Mitochondrial DNA replication and disease

A variety of human diseases, ranging from devastating conditions of infancy through to degenerative disorders of old age, are associated with genetic lesions affecting mitochondrial DNA. To understand the underlying processes we study the mechanisms and machinery of mitochondrial DNA replication in model organisms and humans.

• Data from our lab and many others has documented several distinct DNA replication mechanisms active within mitochondria. A major unresolved issue is whether these are genuinely redundant mechanisms, or manifestations of a single unified mechanism that may show minor differences between species and tissues.

• Our recent focus has been on the molecular machinery of DNA replication in Drosophila mitochondria, based on a genome-wide screen we conducted earlier. Arising from this, we have mainly studied the involvement of the intracellular vesicle trafficking machinery, of the members of the mitochondrial transcription terminator family, and of RNase H1.

Nuclear-mitochondrial interactions in Drosophila

We use various Drosophila mutants with defects in mitochondrial function to analyse the contributions of nuclear and mitochondrial genotype, as well as environmental factors, to organismal phenotype. Mostly we have studied the tko25t mutant strain, which carries a point mutation in the gene for mitoribosomal protein S12, and is a useful model for human mitochondrial disease. We also investigate the roles in animal development of global regulators of mitochondrial function, and the physiological effects of respiratory chain dysfunction in the nervous system, using flies as a model system.

• By creating cybrid and back-crossed strains with different permutations of nuclear and mitochondrial DNA, we have found both nuclear and mitochondrial suppressors/modifiers of the canonical tko25t phenotype (delayed development, sensitivity to mechanical stress). Some modifiers lead to clear phenotypic improvement, whilst others convert a relatively mild phenotype into lethality.

• Altered gene expression and metabolite profiles in tko25t flies indicate the activation of a signaling pathway that slows down development in response to mitochondrial stress. We aim to elucidate the machinery and mechanisms of this stress response.

• Specific groups of glutamatergic and cholinergic (but not dopaminergic) neurons are vulnerable to deficiency of the key mitochondrial respiratory enzyme cytochrome oxidase, resulting in locomotor defects in the adult fly.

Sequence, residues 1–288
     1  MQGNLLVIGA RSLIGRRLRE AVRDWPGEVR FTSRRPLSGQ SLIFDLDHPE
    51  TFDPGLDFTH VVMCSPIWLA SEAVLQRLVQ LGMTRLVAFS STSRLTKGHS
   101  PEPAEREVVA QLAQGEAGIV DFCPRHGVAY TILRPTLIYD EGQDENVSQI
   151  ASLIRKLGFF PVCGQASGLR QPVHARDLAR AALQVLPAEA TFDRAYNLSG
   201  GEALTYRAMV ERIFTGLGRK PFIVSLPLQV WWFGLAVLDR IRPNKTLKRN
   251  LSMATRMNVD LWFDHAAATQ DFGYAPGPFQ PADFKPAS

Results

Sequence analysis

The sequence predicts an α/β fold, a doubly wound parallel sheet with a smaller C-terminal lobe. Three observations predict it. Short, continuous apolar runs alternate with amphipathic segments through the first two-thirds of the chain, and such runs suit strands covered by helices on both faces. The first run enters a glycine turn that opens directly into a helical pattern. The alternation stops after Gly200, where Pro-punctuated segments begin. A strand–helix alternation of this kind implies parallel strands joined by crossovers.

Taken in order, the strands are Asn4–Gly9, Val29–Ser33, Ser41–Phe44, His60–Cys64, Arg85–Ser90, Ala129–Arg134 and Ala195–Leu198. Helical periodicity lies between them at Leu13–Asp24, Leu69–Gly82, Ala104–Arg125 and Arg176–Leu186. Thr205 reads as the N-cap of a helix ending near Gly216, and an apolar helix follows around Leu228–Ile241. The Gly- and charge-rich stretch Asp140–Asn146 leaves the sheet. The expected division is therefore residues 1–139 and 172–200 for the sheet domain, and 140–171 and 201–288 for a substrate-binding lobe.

Alternative respiratory chain enzymes: a possible therapy for mitochondrial disorders?

The genomes of plants, fungi, many microbes and some primitive animals contain genes for alternative mitochondrial respiratory chain enzymes, which buffer redox and bioenergetic stresses caused by defects in the standard respiratory chain and OXPHOS system. The genes for these alternative enzymes are absent from humans and other complex animals. However, we reasoned that their introduction may alleviate many of the physiological defects associated with mitochondrial disease. We have transferred the relevant genes from the tunicate Ciona, as well as from fungi, into human cells and model organisms, creating proof of concept for such protection.

Our current research focuses on ascertaining the potential of these enzymes in therapy, both by exploring what specific pathologies they can alleviate, as well as testing out ways to safely introduce them in a therapeutically effective form. In addition we are studying their natural biology.

• The alternative oxidase (AOX) and NADH dehydrogenase (NDX) from Ciona can be expressed in model organisms without significant deleterious effects

• AOX (and/or NDX) protects cells, tissues and model organisms from the acute effects of acute respiratory poisons or bacterial toxins, as well as from chronic exposure to toxins such as found in cigarette smoke

• The alternative enzymes can protect model organisms from lethality and other severe phenotypes caused by partial genetic ablation of respiratory chain complexes I, III and IV, but can also exacerbate some phenotypes by abrogating stress responses that should activate repair pathways

Mitochondria are hot

By staining cells with a temperature-dependent mitochondrial dye we were able to determine that mitochondria are 10-12 degrees Celsius hotter that the surrounding cell. We are currently exploring how this affects a variety of cellular processes, and how it may underlie a number of physiological and pathological phenomena.

Working in Howylab

Prospective postdocs are expected to raise their own salary and research expenses from grants and/or fellowships. If interested, please contact howard.jacobs(at)tuni.fi. At this time, the lab is not taking on new PhD students.